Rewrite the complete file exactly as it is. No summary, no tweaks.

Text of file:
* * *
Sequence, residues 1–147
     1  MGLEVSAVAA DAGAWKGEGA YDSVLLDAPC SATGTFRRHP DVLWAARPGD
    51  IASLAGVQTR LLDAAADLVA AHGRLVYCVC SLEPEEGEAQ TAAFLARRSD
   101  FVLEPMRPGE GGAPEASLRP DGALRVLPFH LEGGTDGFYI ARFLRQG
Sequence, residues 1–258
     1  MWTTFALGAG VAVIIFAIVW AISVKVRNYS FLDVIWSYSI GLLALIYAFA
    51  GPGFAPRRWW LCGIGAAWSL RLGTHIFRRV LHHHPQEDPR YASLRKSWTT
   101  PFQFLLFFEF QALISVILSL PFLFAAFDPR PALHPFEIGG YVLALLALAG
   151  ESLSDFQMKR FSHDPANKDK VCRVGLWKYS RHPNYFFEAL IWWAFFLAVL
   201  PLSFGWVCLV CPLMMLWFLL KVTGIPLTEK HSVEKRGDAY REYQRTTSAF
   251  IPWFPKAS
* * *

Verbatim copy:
Sequence, residues 1–147
     1  MGLEVSAVAA DAGAWKGEGA YDSVLLDAPC SATGTFRRHP DVLWAARPGD
    51  IASLAGVQTR LLDAAADLVA AHGRLVYCVC SLEPEEGEAQ TAAFLARRSD
   101  FVLEPMRPGE GGAPEASLRP DGALRVLPFH LEGGTDGFYI ARFLRQG
Sequence, residues 1–258
     1  MWTTFALGAG VAVIIFAIVW AISVKVRNYS FLDVIWSYSI GLLALIYAFA
    51  GPGFAPRRWW LCGIGAAWSL RLGTHIFRRV LHHHPQEDPR YASLRKSWTT
   101  PFQFLLFFEF QALISVILSL PFLFAAFDPR PALHPFEIGG YVLALLALAG
   151  ESLSDFQMKR FSHDPANKDK VCRVGLWKYS RHPNYFFEAL IWWAFFLAVL
   201  PLSFGWVCLV CPLMMLWFLL KVTGIPLTEK HSVEKRGDAY REYQRTTSAF
   251  IPWFPKAS